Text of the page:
Into the Woods
A Disney musical based on a fairy tale (or in this case, many fairy tales) would seem to be a slam dunk. But “Into the Woods” is an uneven, sloppy dip that’s like being lost in the woods without a trail of breadcrumbs.
The plot is as labyrinthine as it is silly, so I’ll only say its narrative hub is the story of a baker and his wife (James Corden and a fantastic Emily Blunt), who want for a child but to no effect thus far. Soon they learn a witch (Meryl Streep, trying too hard) cursed the baker years ago to get back at his family for fouling her garden.
But the witch isn’t a total B-word; she offers to overturn the curse if the baker and his wife can provide her a series of items within three days and the coming blue moon. Totally by coincidence, these items play an integral part in other fairy tales, which are going on all around them at that moment. Without getting too specific, Red Riding Hood, Jack (as in “and the Beanstalk”) and Cinderella all play an important role.
Also, the witch herself is the mother of Rapunzel, which we learn during the movie, because why not?
That’s not to say this is a bad setup; on the contrary, it’s a good idea. But the execution is one with lackluster songs (Sondheim or not, I couldn’t bear any of them, even the one I acutally liked; more later), over-the-top acting and a general dullness.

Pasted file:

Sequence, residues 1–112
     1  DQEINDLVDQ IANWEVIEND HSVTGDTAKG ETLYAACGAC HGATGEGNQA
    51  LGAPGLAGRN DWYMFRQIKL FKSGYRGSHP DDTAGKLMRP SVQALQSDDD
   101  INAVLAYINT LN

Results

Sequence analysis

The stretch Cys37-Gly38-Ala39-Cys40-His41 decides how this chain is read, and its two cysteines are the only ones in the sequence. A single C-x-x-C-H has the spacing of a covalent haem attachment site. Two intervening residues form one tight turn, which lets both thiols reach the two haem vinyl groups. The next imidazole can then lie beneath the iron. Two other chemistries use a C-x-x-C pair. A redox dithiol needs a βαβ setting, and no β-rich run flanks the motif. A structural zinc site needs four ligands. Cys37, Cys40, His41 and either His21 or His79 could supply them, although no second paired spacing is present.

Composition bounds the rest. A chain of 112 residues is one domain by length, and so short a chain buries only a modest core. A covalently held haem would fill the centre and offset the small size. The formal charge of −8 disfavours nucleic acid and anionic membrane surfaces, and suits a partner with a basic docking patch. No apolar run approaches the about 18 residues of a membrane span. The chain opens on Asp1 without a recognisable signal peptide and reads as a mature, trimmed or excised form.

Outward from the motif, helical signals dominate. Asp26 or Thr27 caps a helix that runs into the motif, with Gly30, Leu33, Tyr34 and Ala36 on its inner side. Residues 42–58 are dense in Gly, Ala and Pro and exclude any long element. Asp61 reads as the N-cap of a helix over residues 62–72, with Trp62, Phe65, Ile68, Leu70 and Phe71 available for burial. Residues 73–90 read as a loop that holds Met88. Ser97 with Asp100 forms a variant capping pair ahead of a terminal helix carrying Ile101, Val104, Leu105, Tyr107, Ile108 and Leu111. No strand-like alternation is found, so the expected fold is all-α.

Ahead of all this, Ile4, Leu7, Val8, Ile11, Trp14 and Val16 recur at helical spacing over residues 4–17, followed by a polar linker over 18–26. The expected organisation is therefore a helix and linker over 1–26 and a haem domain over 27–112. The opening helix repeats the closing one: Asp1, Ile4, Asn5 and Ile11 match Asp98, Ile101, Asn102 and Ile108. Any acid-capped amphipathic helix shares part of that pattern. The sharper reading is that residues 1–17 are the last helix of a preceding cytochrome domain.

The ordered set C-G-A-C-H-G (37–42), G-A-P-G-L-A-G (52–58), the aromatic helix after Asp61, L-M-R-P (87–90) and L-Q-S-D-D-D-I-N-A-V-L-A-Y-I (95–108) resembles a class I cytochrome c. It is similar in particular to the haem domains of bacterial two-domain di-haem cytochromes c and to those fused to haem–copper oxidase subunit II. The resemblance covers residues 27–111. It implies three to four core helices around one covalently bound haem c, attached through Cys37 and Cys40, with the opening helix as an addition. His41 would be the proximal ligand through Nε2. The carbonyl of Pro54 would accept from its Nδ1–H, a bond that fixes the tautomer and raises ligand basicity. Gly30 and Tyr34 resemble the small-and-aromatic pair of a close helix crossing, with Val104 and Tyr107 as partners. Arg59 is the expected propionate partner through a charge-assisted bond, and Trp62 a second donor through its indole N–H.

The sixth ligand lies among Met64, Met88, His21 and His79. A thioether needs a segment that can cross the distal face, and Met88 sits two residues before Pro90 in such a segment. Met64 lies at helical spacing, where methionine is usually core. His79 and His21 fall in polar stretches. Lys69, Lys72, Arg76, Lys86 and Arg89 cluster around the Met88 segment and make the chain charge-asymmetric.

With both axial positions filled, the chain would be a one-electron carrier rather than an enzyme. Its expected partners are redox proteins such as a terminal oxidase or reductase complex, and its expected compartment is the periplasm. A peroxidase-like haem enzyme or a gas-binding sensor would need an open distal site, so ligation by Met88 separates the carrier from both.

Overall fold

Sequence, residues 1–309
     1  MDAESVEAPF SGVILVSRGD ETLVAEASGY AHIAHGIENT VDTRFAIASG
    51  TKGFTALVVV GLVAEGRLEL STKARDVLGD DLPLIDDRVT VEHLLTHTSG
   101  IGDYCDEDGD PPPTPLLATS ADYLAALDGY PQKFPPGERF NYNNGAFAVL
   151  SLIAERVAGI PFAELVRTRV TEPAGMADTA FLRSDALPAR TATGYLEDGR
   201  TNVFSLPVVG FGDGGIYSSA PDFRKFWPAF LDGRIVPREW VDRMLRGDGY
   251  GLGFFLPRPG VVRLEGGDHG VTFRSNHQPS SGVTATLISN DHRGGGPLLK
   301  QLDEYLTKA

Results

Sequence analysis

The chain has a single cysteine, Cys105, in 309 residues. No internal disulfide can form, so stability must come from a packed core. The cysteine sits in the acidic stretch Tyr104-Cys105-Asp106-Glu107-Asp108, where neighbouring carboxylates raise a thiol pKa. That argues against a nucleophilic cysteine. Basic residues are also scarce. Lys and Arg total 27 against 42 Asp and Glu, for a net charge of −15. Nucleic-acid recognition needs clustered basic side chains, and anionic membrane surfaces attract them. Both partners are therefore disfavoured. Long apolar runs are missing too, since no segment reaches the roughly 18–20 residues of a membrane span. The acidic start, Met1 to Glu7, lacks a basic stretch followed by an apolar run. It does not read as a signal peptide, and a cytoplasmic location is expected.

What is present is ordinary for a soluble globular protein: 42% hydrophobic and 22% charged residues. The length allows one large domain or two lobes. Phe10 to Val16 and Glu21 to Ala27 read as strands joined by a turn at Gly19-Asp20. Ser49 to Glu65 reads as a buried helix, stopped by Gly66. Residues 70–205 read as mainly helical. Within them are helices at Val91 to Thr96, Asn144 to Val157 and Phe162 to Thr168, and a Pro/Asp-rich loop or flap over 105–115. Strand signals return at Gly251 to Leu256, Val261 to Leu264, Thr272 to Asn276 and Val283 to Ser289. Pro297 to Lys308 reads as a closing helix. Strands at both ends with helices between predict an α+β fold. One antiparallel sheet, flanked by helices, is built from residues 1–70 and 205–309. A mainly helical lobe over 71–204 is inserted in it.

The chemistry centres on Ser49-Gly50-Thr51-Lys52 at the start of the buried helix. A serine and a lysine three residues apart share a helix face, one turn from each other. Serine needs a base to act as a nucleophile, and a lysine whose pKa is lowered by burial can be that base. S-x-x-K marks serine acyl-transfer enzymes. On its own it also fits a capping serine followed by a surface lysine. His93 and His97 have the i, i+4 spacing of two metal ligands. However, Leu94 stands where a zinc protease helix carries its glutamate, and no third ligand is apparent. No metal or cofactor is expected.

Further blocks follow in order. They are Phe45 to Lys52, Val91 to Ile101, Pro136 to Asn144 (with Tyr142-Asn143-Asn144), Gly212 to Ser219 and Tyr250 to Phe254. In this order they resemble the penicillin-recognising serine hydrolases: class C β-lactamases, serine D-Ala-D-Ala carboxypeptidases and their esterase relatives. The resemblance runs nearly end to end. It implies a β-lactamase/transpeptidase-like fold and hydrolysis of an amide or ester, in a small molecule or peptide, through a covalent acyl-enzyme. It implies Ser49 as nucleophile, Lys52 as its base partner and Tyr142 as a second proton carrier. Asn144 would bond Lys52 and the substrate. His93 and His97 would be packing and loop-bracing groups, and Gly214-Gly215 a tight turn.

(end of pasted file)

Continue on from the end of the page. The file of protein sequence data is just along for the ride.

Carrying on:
The cast is strong, and early on there are moments of fun. In addtion to Streep, Corden and Blunt, Anna Kendrick plays Cinderella and Chris Pine is her handsome prince. Tracey Ullman and Christine Baranski make memorable appearances, and Johnny Depp plays (who else?) the Big Bad Wolf in a small role. Most memorable among these are Pine, who owns the film early when he does a duet with
Eugene Rapunzel’s Prince (seriously, that’s his name in the cast; he’s played by Billy Magnussen). The song isn’t as catchy as it could be, but is easily the apex of the movie.
The first half of the film is dominated by the baker and his wife searching for these items, finding and losing them, then finding them again. Then, once the film comes to a natural resolution … it doesn’t end, but shifts narratives involving one of Jack’s giants, and the movie falls off the rails. At one point, a character who has been heroic up to that point abruptly and clumsily falls off a cliff (literally) and dies.
I really wanted to like “Into the Woods.” There are characters I like being played by actors I really enjoy. But the whole movie felt thrown together to capitalize on the success of the “Shrek” movies, offbeat adaptations like “Wicked,” and, maybe, even to create a “universe” a la the Marvel movies or the upcoming Universal Monsters universe. The result was a tattered, flabby movie that needed more work. It’s based on a stage production; maybe it should have stayed there.